Ashley Kummer is a student at Pace High School in Pace, Florida. Here, she writes about one of the coolest summer jobs a 17-yearold could have. You can follow Ashley on Twitter here and visit her new website here.
Over the course of the current baseball season, I have learned to love the minor leagues thanks to my wonderful job with the Pensacola Blue Wahoos, Double A affiliate of the Cincinnati Reds.
I work as a member of the Flight Squad (the on-field entertainment during the games), and a bit in the production side (filming games in the dugout and hanging around in the press box, soaking up as much information as I can retain), too. Wanting to go into sports media, I have been beyond blessed to have had this opportunity. Going from attending games with friends for the fun of it, to working behind the scenes at the games are two totally different worlds. Few people actually realize all the work that goes into making sure the baseball games run smoothly each night.
When you really look at the building blocks of producing a baseball game, it comes down—first and foremost—to scheduling. Knowing where you need to be when, what you need to have with you, who you need to have you. In baseball, it’s all about time, anticipation and being quick on your feet. Three outs will go by quicker than you think. For the on-field entertainment for the Wahoos, we have games in between innings while the players are warming up on the field. With having only a little over thirty seconds in between innings, you have to make sure you have your contestants, props for the game, and prizes ready to go out on the field as the third out is made to end the inning. If not everyone is paying attention, it causes a delay in time. This could arouse angry players, managers and coaches … not to mention the fans that came out to actually watch baseball. The fans can get pretty pissy when they aren’t happy.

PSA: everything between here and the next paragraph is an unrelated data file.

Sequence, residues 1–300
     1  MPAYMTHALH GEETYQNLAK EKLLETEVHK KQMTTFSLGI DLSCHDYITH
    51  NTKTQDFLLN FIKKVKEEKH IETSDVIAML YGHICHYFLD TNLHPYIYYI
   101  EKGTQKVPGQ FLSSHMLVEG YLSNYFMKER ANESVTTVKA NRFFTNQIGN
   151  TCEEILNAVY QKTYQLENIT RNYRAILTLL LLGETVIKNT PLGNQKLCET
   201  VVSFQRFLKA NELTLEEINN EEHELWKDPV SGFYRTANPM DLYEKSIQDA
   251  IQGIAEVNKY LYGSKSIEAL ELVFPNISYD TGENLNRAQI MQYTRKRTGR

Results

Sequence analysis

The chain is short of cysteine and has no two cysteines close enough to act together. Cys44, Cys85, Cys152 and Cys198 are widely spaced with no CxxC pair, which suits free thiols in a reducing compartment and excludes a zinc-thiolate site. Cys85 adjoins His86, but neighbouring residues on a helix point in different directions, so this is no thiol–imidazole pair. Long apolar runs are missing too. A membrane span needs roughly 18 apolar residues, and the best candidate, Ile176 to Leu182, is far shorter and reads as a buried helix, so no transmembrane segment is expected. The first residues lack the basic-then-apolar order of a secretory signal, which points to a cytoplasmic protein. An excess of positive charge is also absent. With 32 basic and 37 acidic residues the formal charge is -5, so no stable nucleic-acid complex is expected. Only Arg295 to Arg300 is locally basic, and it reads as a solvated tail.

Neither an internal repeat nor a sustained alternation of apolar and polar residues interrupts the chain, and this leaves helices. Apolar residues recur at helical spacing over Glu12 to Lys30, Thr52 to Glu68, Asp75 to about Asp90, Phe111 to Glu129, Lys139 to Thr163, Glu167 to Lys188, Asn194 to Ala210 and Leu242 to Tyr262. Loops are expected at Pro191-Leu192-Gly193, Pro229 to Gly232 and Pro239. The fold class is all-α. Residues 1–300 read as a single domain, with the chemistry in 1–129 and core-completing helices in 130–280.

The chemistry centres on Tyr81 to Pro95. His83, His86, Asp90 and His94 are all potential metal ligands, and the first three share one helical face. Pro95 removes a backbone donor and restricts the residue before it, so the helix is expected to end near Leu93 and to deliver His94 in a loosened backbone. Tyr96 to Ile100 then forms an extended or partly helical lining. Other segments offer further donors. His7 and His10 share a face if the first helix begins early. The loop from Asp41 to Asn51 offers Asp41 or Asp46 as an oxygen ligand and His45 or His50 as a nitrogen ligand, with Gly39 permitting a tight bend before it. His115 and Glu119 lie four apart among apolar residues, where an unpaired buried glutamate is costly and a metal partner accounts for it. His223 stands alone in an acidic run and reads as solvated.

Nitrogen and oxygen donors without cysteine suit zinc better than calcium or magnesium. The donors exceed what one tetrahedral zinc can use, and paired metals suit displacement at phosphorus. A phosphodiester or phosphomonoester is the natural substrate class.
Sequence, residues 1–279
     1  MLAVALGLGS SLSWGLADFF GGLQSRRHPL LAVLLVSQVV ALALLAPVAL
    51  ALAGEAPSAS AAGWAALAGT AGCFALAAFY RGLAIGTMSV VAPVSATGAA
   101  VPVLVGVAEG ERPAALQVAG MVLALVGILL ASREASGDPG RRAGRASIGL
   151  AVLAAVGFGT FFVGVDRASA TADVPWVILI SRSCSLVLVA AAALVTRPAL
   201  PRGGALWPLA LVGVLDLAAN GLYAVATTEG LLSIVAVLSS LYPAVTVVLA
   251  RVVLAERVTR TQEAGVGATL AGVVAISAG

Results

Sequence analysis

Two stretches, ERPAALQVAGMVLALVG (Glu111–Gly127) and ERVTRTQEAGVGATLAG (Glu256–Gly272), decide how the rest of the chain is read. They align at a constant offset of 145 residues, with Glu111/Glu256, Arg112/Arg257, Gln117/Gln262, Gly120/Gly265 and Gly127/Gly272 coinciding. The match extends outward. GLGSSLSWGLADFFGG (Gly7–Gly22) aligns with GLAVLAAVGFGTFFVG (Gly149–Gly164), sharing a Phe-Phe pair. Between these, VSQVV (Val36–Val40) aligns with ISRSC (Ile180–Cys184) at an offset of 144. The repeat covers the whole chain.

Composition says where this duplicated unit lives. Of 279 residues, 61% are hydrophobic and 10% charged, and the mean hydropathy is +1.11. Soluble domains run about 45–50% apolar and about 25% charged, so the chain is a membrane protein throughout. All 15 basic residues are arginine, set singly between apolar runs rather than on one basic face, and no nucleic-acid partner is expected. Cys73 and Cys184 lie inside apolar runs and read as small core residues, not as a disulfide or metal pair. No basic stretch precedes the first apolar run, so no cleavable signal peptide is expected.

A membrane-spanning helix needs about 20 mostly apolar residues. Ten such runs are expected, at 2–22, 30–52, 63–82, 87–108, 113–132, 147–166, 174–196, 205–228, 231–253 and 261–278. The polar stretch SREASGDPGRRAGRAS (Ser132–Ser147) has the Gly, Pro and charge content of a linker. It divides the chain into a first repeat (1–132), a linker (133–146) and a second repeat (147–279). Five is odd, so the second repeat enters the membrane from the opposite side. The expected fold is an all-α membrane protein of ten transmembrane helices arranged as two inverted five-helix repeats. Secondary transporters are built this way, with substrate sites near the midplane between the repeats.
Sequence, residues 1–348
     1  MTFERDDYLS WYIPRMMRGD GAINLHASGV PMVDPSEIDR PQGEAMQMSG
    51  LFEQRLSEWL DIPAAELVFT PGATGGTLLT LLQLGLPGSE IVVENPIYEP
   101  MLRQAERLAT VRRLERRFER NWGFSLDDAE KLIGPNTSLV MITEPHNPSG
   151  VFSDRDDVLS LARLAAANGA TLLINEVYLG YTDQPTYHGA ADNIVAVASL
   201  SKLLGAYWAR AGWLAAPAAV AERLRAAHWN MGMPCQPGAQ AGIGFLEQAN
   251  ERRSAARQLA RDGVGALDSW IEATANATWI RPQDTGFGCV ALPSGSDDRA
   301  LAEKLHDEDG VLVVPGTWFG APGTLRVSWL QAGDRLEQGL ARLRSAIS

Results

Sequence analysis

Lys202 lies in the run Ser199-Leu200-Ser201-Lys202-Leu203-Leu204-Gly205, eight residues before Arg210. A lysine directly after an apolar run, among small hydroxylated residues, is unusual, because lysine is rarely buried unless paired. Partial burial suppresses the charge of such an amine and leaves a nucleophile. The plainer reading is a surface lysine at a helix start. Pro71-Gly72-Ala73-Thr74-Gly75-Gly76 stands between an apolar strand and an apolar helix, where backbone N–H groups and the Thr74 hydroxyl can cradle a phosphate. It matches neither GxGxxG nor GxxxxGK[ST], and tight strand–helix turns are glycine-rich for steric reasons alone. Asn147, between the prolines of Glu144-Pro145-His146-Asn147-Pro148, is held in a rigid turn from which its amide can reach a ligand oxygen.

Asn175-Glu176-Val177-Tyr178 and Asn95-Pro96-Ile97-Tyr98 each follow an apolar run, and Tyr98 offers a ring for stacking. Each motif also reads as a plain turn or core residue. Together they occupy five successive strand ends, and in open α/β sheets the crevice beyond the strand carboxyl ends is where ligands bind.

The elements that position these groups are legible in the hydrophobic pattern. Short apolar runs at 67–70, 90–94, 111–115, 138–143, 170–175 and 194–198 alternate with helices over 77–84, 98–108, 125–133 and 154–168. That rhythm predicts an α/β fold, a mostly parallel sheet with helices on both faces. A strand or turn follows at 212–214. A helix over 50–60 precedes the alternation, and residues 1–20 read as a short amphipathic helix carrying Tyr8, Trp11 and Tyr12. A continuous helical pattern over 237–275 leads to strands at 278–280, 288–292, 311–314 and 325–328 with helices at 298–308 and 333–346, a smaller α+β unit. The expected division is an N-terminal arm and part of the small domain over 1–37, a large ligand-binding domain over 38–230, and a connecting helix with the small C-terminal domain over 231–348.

What can you take from that? Be on time. Always. So everyone can remain happy.
We play a plethora of games on the field, ranging from dizzy bat races to sumo wrestling in funky smelling sumo suits. One big game that can get pretty hectic for us is the Roach Run. Herding a flock of blood-thirsty kids across the outfield hungry for one of the Flight Squad members dressed as a pesky cockroach is no easy task (especially when I’m a 4-foot-10-inch 17-yearold trying to quickly move along the 8-year olds who generally tower over me). Not to mention the trail of ball caps, flips flops, sunglasses and tears (from the toddlers who aren’t fully aware of what’s going on) left behind on the field for Flight Squad members to scoop up in their nightly run behind the children so the ball game can resume. Thankfully, I’ve only had to get into the roach suit once this season.
Not only does the Flight Squad play games in between innings, we even get to show off our sick dance moves on the dugout tops. This sounds horrific, right? After I get over the fact that it seems like the whole world is staring at me, I just have to remind myself that they’re laughing with me at my amazing dance steps, not at me. If you ever find yourself at an event of any kind and you’re instructed to dance, just dance. It makes it a lot less awkward.
Who am I kidding, though? I love my job so much. It can be stressful at times, but in the long run, it is so worth it. I’m able to meet new people, build relationships with the season ticket holders, my co-workers and even the players. With less than 20 games left, I don’t know what I’ll do with myself when the season ends.
Seriously, what is life outside the ballpark?